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“For it becomes the master to speak and to teach, but it beseems the disciple to be silent and to listen.” The Rule of St. Benedict

Fall break. I am spending a week with fourteen college students, plus my son, living the life—as near as we can—of the Benedictine monks of Clear Creek in Oklahoma. It is truly an experience of another life. A life that has the power to change the world. Indeed, once upon a time it did. A life from which we—even though most of us must live a different life—can learn much.

Perhaps the most striking feature is the silence. St. Benedict both commands silence and forbids idleness. Silence with a purpose. Silence with urgency, but peace. Silence because something needs to be done, which can only be done in silence. Silence because something needs to be learned. Through listening.

Upon seeing and hearing such silence one is struck by how strange it is. How can they do this?

Then light begins to dawn. How can the rest of us not emulate this? Somehow. For the sake of human life.

St. Benedict (480-543) is considered the father of western monasticism.

Originally posted at Bacon from Acorns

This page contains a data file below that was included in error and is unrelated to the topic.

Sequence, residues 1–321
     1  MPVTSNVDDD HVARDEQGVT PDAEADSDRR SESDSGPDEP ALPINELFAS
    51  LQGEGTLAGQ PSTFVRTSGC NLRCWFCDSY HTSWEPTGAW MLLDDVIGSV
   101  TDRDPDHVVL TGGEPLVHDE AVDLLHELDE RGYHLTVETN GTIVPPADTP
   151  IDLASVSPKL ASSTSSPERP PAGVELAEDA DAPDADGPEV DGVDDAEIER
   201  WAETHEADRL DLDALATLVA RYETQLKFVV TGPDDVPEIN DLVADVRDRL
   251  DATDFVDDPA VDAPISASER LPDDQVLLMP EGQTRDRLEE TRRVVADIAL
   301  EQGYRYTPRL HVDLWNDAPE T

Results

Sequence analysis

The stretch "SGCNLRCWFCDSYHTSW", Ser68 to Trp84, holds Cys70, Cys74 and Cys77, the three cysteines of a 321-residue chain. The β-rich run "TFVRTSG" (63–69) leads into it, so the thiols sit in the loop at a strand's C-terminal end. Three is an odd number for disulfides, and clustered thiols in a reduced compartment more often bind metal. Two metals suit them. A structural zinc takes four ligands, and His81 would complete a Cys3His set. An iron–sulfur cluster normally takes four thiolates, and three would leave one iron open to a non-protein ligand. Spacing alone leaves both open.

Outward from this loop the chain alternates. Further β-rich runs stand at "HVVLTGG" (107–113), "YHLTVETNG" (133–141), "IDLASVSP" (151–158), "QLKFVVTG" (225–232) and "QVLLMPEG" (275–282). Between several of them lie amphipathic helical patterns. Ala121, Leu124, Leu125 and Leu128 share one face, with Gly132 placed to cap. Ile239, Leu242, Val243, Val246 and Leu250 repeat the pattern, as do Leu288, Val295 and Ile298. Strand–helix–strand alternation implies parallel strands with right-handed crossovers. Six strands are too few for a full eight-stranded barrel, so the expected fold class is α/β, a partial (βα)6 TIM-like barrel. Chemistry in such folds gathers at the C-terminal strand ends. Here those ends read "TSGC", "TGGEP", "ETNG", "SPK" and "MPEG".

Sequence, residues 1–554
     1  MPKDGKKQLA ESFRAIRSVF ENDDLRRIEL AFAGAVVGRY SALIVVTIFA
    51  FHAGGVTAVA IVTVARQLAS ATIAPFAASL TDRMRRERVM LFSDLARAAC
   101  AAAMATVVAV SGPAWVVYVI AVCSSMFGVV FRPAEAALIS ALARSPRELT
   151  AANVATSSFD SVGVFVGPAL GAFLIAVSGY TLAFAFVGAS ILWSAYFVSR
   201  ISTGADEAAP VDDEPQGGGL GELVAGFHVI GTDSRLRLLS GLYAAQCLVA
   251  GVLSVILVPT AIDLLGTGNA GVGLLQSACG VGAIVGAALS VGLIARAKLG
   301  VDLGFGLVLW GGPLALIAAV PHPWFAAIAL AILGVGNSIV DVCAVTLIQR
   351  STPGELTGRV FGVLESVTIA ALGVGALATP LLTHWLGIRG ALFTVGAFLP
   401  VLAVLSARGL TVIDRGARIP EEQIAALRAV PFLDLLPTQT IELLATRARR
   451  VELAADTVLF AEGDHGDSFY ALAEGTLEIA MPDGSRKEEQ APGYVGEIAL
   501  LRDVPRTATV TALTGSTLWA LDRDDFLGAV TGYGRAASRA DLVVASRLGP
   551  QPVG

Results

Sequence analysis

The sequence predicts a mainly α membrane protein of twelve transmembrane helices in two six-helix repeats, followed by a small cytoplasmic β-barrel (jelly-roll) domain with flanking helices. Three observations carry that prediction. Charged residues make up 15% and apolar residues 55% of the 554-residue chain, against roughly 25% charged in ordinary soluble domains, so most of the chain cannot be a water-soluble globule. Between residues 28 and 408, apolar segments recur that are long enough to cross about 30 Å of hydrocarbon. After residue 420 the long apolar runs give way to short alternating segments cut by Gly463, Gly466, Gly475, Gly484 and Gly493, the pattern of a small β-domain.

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John A. Cuddeback is a professor and chairman of the Philosophy Department at Christendom College in Front Royal, Virginia, where he has taught since 1995. He received a Ph.D. in Philosophy from The Catholic University of America under the direction of F. Russell Hittinger. He has lectured on various topics including virtue, culture, natural law, friendship, and household. His book Friendship: The Art of Happiness was republished in 2010 as True Friendship: Where Virtue Becomes Happiness. His writings have appeared in Nova et Vetera, The Thomist, and The Review of Metaphysics, as well as in several volumes published by the American Maritain Association. Though raised in what he calls an ‘archetypical suburb,’ Columbia, Maryland, he and his wife Sofia consider themselves blessed to be raising their six children in the shadow of the Blue Ridge on the banks of the Shenandoah. At the material center of their homesteading projects are heritage breed pigs, which like the pigs of Eumaeus are fattened on acorns, yielding a bacon that too few people ever enjoy. His website dedicated to the philosophy of family and household is baconfromacorns.com.